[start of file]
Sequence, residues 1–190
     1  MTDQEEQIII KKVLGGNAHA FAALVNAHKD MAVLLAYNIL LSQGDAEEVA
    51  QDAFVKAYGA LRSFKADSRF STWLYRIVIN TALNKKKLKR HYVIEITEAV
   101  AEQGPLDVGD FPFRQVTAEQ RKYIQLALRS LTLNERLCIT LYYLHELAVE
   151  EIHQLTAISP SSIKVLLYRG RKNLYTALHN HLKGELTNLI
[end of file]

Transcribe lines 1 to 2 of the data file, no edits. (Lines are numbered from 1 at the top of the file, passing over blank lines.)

Sequence, residues 1–190
     1  MTDQEEQIII KKVLGGNAHA FAALVNAHKD MAVLLAYNIL LSQGDAEEVA